The intent of this Mentored Research Scientist Development Award is to allow the applicant to develop the research skills necessary to be independent in the investigation of the mechanism underlying poor trunk motor control in individuals with recurrent or chronic low back pain (LBP). The background of the candidate in conjunction with strong mentorship and a dynamic research environment will allow successful completion of the proposed aims. The objectives are to gain a better understanding of how trunk movement and stability are coordinated through sophisticated quantitative methods to provide insight into neuromuscular control strategies. A component of this process will be to determine reliability and responsiveness of our measures of trunk control, and begin to clarify the relationship between poor control, low back pain and therapeutic outcomes. Studies have been designed to test the general hypothesis that, in patients with recurrent and chronic LBP and clinical findings of lumbar instability, altered neuromuscular control strategies are associated with poor movement patterns. Further, these strategies can be improved through rehabilitation. Experiments will be conducted to (1) characterize alterations in neuromuscular control in patients with mechanical LBP, (2) determine the measurement properties of the proposed methods, (3) identify which aspects of trunk neuromuscular control can be improved with therapeutic intervention, and (4) begin to investigate mechanisms underlying improvement in pain and disability with a neuromuscular rehabilitation program. These studies will provide the experiential learning opportunities linked to the didactic plan. This plan is designed to provide new skills in advanced data processing and analysis of kinematic, electromyographic (EMG), and kinetic data that will provide insight into neuromuscular control of functional movements and postural activities. Courses, seminars and directed readings will provide the advanced statistical skills and theoretical background in motor control, neurophysiology, and the effects of chronic pain on movement dysfunction. Direct mentoring and coursework in clinical trial design and management will be the focus of the later studies. Collectively, the experimental outcomes from this grant will have a substantive impact on treatments for patients with mechanical LBP, improve the ability to identify who might respond to this trunk muscle training approach, and provide strategies for reducing the recurrence of low back symptoms. ? ? ? ?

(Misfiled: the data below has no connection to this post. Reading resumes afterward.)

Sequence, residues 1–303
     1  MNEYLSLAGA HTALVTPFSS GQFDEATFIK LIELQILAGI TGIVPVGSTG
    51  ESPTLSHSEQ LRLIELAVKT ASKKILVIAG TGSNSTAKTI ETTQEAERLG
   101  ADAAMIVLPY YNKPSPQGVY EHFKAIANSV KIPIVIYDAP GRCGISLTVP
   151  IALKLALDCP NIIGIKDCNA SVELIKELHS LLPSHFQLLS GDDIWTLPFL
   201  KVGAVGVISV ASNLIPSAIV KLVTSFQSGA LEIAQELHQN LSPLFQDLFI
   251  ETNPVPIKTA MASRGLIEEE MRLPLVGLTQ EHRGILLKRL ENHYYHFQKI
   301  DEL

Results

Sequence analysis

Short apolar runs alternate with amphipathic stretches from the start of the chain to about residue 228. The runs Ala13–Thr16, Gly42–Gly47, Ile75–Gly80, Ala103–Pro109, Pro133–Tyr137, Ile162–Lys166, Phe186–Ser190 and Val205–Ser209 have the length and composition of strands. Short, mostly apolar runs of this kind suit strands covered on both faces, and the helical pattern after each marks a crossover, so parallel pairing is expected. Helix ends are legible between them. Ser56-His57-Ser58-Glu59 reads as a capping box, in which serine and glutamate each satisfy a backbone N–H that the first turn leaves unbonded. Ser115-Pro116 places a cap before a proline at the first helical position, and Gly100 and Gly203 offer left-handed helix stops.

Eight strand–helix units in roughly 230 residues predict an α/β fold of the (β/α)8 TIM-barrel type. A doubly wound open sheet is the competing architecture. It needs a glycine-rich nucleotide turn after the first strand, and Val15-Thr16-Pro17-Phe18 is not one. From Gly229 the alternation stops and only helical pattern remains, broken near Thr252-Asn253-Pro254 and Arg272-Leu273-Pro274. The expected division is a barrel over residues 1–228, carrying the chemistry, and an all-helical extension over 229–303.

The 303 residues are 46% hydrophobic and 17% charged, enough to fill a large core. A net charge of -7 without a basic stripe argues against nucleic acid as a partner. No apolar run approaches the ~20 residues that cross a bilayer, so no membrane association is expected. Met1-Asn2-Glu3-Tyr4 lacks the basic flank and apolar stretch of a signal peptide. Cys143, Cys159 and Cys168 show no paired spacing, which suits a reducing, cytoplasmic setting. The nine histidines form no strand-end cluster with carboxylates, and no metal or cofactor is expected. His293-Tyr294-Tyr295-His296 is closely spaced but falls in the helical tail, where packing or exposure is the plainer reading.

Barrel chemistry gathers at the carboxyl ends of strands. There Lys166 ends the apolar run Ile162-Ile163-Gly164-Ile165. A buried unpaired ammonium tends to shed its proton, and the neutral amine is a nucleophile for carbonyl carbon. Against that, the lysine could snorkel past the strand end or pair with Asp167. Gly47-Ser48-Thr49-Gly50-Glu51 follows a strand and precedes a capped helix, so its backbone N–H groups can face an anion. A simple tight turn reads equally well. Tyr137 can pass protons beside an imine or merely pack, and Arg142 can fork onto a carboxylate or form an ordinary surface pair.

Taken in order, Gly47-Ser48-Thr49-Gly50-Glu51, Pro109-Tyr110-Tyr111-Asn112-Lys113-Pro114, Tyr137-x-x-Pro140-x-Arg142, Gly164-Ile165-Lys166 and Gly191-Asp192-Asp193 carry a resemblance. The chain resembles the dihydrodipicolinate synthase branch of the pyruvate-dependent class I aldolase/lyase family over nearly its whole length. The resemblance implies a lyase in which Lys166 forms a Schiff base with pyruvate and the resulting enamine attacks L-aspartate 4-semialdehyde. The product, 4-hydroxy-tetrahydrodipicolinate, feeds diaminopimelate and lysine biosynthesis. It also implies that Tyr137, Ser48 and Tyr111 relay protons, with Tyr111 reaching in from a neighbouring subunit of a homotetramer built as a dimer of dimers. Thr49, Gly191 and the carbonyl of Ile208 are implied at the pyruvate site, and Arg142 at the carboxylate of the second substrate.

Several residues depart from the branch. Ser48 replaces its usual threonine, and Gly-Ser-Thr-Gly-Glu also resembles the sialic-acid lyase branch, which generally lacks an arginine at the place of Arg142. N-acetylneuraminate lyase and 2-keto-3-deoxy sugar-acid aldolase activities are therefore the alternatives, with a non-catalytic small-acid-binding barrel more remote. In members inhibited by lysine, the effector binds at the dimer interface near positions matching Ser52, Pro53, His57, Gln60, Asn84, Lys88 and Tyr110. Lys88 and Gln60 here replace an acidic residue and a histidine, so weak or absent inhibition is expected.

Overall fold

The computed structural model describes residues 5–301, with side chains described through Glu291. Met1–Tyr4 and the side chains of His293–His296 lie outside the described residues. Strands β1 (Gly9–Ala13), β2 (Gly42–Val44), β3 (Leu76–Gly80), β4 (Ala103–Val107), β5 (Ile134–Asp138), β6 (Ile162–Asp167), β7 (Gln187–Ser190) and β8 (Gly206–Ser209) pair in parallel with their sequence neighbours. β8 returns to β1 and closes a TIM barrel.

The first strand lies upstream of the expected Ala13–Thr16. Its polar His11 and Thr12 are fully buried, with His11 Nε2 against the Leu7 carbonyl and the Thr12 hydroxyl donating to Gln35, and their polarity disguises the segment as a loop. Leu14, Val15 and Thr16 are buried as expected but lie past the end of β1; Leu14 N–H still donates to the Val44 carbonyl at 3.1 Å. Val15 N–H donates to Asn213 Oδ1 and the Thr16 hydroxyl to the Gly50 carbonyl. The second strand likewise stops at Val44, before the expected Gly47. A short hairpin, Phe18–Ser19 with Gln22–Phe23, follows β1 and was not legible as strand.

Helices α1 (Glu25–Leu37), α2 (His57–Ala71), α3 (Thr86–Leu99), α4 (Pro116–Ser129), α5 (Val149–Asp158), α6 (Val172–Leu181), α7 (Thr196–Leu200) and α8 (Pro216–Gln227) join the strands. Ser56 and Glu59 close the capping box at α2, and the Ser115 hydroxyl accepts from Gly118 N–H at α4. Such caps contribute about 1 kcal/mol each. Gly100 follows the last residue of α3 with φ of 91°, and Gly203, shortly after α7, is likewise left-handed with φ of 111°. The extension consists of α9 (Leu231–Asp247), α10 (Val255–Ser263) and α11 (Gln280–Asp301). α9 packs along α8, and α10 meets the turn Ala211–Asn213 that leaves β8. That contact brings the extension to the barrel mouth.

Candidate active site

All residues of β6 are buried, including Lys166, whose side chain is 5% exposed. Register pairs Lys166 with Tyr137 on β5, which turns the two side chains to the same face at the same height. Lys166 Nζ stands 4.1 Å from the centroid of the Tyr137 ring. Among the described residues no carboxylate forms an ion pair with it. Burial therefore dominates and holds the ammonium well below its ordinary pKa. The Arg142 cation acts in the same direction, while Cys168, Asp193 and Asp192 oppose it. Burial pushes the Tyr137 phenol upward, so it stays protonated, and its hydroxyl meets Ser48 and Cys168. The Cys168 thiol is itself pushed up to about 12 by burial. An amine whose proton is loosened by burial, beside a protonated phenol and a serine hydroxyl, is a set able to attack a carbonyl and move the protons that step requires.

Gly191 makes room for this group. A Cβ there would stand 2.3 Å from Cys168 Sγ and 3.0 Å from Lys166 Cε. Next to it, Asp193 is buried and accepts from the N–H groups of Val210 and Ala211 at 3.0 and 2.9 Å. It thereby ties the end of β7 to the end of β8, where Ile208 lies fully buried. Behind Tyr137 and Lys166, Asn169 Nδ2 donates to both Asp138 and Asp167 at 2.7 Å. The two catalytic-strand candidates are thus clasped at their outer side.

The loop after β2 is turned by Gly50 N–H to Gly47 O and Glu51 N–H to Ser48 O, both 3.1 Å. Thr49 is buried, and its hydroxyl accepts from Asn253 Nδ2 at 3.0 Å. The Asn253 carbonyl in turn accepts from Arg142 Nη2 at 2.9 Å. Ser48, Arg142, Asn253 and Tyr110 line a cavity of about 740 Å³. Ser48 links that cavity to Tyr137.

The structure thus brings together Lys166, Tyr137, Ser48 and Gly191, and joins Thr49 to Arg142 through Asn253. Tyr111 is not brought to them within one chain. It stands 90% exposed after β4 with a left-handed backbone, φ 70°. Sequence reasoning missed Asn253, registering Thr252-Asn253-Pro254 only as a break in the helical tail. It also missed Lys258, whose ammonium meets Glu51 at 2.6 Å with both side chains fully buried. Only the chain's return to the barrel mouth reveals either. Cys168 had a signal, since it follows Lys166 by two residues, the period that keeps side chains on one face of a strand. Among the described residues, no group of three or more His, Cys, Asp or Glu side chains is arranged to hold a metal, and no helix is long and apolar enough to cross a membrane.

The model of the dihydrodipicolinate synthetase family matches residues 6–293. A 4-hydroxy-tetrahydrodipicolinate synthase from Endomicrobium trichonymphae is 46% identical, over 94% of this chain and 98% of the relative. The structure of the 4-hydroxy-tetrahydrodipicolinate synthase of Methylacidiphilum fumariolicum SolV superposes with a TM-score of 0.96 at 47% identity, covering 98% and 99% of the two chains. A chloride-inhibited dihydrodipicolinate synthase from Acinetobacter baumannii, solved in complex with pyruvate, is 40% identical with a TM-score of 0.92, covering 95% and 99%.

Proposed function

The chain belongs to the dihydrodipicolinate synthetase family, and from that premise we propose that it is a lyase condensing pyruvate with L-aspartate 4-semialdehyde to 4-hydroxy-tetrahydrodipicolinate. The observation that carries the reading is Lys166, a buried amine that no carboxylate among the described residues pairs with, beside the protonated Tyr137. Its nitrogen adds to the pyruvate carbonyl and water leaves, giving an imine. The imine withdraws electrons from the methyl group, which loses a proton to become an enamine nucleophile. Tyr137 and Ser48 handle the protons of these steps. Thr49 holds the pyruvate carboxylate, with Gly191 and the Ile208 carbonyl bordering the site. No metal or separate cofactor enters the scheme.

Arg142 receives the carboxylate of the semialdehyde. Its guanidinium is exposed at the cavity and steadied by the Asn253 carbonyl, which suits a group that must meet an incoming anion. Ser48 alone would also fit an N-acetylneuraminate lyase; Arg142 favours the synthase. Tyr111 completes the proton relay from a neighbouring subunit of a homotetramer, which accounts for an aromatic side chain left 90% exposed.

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|Silfies, Sheri P; Mehta, Rupal; Smith, Sue S et al. (2009) Differences in feedforward trunk muscle activity in subgroups of patients with mechanical low back pain. Arch Phys Med Rehabil 90:1159-69|